WEEK 12: Miéville’s Perdido Street Station

This is an open thread on the first ~150 pages or so of China Miéville’s Perdido Street Station (2003). This thread will remain open until 9pm on Monday, 28 November.

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23 thoughts on “WEEK 12: Miéville’s Perdido Street Station

  1. China Miéville sets Perdido Street Station in the vast, complex, richly-imagined city of New Crobuzon. “Learning” the city’s geography alone can feel overwhelming at times, much less keeping track of its uniquely complicated social relations as they unfold throughout the text.

    This week, then, let’s try to break this massive, crowded, repulsive city into more manageable parts. Choose a short passage that you feel provides a striking description of what life is like in the city of New Crobuzon and analyze it. How does Miéville describe your chosen portion of the city (or the social world(s) of its inhabitants)? What stands out to you as being particularly interesting or significant about your chosen passage? Does this passage remind you of any other setting we have visited in the other texts on our course?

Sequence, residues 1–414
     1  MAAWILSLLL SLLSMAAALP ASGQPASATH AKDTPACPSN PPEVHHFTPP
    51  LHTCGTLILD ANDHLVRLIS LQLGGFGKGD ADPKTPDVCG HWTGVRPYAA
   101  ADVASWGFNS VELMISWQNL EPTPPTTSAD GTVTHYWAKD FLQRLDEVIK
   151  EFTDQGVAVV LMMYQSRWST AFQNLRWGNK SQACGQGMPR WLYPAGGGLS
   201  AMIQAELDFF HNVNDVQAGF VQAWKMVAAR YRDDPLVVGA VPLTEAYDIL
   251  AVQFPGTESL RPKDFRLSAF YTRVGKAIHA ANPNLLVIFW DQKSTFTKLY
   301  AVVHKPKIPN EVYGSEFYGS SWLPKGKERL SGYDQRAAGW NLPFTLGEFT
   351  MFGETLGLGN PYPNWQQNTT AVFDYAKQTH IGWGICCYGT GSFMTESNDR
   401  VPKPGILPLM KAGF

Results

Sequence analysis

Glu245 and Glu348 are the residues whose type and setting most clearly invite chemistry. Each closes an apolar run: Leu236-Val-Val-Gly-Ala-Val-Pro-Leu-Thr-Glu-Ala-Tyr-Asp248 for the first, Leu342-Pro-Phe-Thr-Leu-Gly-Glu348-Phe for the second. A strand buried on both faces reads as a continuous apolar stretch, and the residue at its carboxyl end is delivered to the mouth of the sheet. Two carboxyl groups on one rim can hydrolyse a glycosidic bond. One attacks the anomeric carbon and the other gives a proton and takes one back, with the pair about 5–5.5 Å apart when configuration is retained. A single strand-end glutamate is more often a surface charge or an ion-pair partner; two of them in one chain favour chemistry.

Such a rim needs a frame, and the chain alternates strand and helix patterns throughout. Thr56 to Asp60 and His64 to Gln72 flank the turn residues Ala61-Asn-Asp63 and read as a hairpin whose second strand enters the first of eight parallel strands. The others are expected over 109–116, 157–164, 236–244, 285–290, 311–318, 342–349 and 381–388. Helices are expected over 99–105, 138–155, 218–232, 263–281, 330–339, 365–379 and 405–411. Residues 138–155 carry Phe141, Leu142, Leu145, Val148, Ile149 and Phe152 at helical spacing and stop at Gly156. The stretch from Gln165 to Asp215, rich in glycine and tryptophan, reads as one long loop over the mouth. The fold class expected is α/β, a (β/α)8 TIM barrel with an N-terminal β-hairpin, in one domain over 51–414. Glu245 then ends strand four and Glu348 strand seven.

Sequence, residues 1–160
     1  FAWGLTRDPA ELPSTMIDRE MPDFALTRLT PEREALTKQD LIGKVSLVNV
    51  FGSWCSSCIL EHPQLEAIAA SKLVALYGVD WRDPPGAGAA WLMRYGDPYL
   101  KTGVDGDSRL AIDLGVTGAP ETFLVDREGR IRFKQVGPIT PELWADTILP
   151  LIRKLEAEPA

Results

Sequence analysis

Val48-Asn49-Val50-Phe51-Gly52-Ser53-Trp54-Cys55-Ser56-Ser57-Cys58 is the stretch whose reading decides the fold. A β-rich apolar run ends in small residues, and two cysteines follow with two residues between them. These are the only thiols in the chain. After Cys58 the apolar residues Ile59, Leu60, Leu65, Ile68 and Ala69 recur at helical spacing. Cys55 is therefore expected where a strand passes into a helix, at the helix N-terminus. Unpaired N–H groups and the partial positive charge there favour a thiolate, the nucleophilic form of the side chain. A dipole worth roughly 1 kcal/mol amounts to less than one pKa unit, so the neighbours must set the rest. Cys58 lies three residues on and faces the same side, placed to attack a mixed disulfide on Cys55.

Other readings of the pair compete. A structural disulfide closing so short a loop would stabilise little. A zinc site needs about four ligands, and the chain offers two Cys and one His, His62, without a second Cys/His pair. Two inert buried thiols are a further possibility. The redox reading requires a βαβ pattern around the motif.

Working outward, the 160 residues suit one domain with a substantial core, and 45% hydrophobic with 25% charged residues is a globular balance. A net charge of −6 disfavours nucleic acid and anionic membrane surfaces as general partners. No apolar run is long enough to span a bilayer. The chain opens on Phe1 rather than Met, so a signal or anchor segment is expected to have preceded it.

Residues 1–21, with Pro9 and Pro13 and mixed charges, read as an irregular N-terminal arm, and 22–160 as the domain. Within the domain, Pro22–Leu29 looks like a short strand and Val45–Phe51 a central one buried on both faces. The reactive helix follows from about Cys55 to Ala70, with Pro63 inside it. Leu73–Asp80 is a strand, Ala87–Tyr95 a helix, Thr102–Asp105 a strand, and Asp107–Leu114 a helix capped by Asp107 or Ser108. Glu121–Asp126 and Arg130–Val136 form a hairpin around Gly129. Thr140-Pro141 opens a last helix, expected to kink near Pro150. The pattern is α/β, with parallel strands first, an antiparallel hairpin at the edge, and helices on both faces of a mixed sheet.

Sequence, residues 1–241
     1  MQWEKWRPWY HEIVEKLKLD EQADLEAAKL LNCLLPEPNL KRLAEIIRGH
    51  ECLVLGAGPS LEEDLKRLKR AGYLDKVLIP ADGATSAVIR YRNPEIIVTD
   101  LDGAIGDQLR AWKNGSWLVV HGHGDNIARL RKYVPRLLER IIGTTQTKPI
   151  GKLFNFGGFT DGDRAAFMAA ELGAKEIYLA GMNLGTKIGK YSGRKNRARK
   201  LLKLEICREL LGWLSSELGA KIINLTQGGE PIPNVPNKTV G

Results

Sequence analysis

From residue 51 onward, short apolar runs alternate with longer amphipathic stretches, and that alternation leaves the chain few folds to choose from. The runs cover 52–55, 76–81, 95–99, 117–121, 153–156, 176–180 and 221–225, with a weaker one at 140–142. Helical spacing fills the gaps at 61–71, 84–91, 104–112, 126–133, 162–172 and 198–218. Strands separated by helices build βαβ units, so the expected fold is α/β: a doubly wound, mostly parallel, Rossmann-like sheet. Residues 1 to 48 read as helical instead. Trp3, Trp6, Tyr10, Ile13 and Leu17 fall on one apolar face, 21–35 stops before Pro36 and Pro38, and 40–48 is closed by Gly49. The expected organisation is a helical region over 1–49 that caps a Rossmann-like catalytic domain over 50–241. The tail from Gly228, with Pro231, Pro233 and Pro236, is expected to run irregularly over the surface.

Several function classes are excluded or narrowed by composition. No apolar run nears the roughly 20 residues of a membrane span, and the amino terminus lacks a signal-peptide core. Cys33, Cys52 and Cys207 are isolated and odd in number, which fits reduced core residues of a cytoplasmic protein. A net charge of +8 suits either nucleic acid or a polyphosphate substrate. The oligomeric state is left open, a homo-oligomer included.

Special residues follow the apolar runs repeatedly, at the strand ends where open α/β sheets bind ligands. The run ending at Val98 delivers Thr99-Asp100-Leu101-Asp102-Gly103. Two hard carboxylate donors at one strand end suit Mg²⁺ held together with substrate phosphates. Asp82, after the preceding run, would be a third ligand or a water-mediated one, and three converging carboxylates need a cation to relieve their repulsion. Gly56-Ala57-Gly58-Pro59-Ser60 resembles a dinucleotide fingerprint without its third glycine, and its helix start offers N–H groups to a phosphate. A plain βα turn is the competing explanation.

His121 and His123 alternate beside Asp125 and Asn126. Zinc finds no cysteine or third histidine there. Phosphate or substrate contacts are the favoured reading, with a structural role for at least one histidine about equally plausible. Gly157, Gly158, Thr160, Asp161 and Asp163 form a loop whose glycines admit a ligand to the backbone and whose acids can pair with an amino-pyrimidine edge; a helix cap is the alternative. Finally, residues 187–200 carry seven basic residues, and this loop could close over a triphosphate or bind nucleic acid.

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    1. Chrystiana W

      I found Lin’s perspective of the city particularly interesting. The way she processes more than just the immediate picture before her is fascinating. She describes the city in different nuances and with a description that goes beyond a still standing image. Lin’s view of the city on page 16 describes the hideous state of the city but also depicts how creatures and humans of different social classes interact. You get a preview of the innate power structure and how day to day life is conducted. What really stands out in the passage (16) is the juxtaposition of the wealthy and the poor. They are placed side by side against the ugly backdrop of a filthy city, sagging under pollution. Duckers and divers rummage through piles of rubbish while upper class gentlemen and ladies walk by with an air of disapproval. The image formed in my mind slightly reminds me of the power struggles in “The Alchemy of Stone”, wealth and poverty in such near proximity in a city on the brink of destruction.

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    2. Samantha Hamilton